Don't book your tickets for the Titanic II just yet.
A spokesman for Australian tycoon Clive Palmer told the Belfast Telegraph that the project to bring an exact replica of the original ill-fated ship has been pushed back from 2016 to 2018.
The new ship will be practically identical to the original luxury liner, which famously sank in April 1912 after striking an iceberg on its maiden voyage.
The only difference will be that the Titanic II will be wider, have a welded and not riveted hull, and have more lifeboats.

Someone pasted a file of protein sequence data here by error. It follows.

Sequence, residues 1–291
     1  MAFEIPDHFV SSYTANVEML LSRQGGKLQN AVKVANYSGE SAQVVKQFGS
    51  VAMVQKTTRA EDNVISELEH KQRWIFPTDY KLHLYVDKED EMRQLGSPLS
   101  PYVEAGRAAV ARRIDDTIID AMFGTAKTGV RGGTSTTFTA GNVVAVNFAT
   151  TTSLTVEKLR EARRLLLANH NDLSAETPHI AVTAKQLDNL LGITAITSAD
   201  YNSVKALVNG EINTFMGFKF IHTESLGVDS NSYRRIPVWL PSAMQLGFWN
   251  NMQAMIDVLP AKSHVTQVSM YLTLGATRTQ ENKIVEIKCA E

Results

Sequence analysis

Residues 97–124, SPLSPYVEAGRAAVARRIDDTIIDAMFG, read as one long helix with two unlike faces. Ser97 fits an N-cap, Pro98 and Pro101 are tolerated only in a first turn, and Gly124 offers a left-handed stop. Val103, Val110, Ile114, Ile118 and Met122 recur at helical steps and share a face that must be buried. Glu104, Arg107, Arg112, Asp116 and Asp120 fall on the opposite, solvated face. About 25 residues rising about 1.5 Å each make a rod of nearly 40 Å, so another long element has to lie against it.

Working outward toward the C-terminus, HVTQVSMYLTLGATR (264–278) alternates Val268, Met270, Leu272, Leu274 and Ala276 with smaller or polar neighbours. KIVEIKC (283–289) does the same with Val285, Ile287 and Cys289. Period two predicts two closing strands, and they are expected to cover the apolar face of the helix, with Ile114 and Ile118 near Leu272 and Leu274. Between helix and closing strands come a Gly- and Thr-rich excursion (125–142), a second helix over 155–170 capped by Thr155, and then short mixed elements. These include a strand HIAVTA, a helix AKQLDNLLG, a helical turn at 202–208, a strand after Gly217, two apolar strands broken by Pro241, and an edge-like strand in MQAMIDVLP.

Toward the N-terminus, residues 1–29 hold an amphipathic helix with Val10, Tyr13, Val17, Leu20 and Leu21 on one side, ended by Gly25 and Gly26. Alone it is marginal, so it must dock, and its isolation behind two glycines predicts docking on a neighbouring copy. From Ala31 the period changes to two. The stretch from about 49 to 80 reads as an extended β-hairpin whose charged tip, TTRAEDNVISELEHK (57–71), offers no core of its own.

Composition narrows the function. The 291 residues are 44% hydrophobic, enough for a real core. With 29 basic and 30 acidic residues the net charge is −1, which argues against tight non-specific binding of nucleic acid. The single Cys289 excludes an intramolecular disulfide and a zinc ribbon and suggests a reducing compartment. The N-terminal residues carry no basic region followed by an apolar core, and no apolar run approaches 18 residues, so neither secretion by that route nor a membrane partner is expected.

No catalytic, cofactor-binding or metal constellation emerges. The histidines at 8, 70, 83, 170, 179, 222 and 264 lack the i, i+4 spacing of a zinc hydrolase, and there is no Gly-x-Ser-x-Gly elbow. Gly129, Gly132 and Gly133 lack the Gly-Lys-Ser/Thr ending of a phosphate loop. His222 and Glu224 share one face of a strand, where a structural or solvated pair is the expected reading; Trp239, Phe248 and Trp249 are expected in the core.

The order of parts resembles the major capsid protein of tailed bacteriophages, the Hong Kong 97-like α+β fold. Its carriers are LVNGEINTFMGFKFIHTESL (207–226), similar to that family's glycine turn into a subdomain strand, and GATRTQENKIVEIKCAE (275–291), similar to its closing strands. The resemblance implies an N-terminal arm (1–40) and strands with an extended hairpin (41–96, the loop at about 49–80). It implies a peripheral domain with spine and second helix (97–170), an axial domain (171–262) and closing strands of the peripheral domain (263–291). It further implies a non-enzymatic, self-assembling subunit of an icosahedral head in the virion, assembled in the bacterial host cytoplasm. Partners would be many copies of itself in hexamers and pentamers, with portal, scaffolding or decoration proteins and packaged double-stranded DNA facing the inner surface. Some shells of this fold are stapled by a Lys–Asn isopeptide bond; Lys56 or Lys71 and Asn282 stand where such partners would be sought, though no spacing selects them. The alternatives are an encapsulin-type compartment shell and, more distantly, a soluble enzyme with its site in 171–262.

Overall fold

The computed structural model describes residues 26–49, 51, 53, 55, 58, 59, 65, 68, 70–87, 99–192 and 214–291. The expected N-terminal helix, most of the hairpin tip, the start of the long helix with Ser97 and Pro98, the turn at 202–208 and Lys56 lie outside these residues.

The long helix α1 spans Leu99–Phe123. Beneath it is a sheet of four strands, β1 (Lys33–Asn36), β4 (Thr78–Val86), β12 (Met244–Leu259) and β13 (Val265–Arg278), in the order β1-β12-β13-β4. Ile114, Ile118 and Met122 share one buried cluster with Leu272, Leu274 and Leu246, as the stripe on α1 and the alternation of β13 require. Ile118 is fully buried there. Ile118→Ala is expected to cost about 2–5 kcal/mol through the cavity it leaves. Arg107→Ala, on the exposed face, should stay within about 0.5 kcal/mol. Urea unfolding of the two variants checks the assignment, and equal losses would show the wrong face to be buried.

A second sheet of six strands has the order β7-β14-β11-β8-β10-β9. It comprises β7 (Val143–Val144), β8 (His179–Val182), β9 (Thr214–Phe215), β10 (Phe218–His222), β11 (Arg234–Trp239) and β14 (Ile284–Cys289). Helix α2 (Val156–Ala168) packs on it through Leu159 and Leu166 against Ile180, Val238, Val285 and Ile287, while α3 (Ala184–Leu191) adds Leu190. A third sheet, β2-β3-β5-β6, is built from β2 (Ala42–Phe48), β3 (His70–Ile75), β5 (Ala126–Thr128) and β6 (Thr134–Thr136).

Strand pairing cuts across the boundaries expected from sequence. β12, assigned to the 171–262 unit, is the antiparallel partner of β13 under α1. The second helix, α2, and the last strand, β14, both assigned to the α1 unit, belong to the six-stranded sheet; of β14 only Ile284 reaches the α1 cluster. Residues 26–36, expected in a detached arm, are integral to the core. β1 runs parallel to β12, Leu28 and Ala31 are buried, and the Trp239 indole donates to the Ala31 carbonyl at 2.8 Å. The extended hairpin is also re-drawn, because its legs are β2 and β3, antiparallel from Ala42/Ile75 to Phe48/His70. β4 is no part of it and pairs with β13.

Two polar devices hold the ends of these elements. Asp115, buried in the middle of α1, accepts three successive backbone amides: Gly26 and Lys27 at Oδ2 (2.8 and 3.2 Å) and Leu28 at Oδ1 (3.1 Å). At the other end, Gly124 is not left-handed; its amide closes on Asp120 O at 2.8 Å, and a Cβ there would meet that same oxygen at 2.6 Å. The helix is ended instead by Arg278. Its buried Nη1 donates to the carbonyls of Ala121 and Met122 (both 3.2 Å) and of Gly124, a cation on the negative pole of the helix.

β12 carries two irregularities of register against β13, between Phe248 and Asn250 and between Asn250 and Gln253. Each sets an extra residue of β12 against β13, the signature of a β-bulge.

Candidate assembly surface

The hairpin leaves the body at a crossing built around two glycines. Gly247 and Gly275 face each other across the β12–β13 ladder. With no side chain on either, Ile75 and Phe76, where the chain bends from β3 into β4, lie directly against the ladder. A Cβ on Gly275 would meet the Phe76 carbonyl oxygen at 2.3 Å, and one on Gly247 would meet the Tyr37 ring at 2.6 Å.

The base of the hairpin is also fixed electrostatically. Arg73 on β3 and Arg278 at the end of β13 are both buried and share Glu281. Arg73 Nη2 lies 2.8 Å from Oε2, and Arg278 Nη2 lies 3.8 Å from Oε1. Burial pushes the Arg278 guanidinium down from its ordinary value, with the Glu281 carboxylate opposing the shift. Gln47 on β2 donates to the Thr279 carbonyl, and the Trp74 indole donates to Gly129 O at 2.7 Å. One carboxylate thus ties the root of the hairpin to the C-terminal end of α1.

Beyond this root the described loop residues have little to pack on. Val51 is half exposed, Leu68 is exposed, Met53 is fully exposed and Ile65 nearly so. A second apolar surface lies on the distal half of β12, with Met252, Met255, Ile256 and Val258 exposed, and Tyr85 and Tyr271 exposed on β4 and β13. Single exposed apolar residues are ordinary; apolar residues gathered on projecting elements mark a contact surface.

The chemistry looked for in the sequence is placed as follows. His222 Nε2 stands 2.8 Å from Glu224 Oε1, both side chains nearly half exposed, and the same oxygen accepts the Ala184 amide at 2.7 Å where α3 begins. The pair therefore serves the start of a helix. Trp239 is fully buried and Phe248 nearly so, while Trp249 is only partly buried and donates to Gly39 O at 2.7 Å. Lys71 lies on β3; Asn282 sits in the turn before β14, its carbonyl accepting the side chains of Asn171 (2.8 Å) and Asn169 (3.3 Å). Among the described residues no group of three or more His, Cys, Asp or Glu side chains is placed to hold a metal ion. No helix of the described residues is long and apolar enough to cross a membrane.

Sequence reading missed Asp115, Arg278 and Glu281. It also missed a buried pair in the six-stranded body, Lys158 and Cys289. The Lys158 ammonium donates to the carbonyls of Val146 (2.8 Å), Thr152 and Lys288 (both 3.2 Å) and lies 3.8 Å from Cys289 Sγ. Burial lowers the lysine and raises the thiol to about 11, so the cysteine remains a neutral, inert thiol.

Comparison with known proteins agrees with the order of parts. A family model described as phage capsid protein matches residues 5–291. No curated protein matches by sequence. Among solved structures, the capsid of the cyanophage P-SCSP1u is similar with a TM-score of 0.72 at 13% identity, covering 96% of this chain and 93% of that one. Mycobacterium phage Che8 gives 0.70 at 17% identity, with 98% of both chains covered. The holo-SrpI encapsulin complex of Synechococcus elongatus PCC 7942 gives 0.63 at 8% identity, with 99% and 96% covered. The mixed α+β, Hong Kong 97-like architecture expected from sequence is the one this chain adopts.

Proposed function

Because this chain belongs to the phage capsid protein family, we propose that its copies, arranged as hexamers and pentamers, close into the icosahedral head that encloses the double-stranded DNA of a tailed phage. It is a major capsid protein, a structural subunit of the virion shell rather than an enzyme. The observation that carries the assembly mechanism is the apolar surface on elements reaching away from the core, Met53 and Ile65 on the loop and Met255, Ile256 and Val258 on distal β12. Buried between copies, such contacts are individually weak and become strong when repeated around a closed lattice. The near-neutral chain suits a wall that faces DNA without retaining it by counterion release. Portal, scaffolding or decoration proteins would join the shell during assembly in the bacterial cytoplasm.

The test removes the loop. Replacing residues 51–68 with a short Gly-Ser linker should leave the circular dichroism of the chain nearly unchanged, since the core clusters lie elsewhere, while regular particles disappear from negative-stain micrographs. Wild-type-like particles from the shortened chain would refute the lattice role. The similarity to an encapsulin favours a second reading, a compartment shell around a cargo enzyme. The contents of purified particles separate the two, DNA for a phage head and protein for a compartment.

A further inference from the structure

"The new Titanic will of course have modern evacuation procedures, satellite controls, digital navigation and radar systems and all those things you'd expect on a 21st-century ship," James McDonald, the global marketing director of Palmer's company Blue Star Line, told the publication.
The maiden voyage will be from Jiangsu in Eastern China to Dubai in the United Arab Emirates. The original Titanic was scheduled to sail the Atlantic Ocean from Southampton, England, to New York when it sank 400 miles (644 kilometers) south of Newfoundland, Canada.